Santee residents crowded the City Council chambers to discuss the issues surrounding a fatal car crash outside West Hills High School and how the area can be made safer for everyone, according to recent reports. Ryan Willweber, 17, a high school junior, was killed when he attempted to make a left turn out of the campus driveway onto Mast and was hit by an oncoming SUV on April 30. His younger brother, Cory, was hospitalized as a result of the accident but is now recovering at home. The student driving the SUV was also injured.
The driver of the SUV, also a junior at the high school, spoke at the meeting. According to Anthony Ortiz, he has seen accidents or near-misses “every day” since he started high school. “I believe there should be a light there to slow traffic and save lives even more. One death should be enough to get something done,” said Ortiz, who was not speeding at the time of the crash, according to investigators.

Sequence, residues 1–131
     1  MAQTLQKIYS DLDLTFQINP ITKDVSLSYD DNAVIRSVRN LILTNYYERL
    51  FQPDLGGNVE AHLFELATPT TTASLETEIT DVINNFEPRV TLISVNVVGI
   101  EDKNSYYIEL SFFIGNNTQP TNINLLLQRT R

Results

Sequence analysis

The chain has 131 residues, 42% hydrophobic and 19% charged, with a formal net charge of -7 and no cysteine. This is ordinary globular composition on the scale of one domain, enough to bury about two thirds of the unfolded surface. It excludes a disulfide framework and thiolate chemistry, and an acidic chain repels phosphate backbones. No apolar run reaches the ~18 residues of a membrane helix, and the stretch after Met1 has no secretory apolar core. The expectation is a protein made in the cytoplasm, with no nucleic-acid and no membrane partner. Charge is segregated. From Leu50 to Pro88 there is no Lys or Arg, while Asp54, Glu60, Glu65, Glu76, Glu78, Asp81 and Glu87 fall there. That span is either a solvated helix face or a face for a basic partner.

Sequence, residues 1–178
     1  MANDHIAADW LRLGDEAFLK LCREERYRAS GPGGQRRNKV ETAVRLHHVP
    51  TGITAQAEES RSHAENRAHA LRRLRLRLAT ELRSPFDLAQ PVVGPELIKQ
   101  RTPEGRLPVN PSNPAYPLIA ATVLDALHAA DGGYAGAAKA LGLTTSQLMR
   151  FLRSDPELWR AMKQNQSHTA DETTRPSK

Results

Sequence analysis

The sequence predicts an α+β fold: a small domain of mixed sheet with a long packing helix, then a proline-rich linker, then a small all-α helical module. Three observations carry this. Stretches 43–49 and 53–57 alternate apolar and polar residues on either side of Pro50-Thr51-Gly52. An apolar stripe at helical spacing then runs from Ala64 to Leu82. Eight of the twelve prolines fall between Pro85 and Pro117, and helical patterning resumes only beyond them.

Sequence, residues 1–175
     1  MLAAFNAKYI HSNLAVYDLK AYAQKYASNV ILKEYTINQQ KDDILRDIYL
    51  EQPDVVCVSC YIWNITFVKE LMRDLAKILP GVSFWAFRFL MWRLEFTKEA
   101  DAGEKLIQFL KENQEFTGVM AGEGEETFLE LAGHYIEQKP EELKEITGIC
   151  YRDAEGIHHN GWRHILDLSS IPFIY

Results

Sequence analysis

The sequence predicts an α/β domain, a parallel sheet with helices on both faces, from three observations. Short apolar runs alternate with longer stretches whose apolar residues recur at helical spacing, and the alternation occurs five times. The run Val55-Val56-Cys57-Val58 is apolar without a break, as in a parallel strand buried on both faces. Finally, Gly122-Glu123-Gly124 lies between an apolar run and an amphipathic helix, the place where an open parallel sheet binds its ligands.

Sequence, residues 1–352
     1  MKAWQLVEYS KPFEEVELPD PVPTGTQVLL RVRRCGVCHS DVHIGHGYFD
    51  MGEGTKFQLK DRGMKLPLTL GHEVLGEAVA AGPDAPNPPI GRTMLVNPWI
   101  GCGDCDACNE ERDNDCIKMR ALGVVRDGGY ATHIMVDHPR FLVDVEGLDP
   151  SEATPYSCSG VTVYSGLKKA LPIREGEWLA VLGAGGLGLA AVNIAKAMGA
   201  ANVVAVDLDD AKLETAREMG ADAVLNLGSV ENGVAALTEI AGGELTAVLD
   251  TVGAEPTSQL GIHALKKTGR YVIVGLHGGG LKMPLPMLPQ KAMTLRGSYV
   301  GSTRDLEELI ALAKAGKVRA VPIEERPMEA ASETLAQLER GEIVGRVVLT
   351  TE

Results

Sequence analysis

Other residents expressed concern over the lack of a traffic light at the location, stating that cars often speed down Mast without any law enforcement efforts to control them. The posted speed limit on the road is 40 miles per hour, but the speed limit drops to 25 miles per hour near the school when students are present.
The Sheriff’s Department is still conducting the investigation into the crash, and city traffic engineers are reviewing the incident to determine what can be done to make the street safer for students and others traveling in the area.
A common theme heard during the Santee discussion can be summarized as, “How many times does an accident have to occur before the city takes action?” This is a very good question when someone has been injured or killed and the city has the means to change the traffic patterns to avoid future accidents.
While the city may or may not be liable the first time someone is injured, if accidents continue to happen in a particular location, it is likely that at some point the victims may be able to hold the city accountable. This idea is based on the doctrine that liability occurs when a party “knew or should have known” that an area is dangerous.
If you have been the victim of a car accident, it is possible that not only the driver who hit you but the city itself could have liability. Contact Daniel M. Gilleon in San Diego to discuss your case.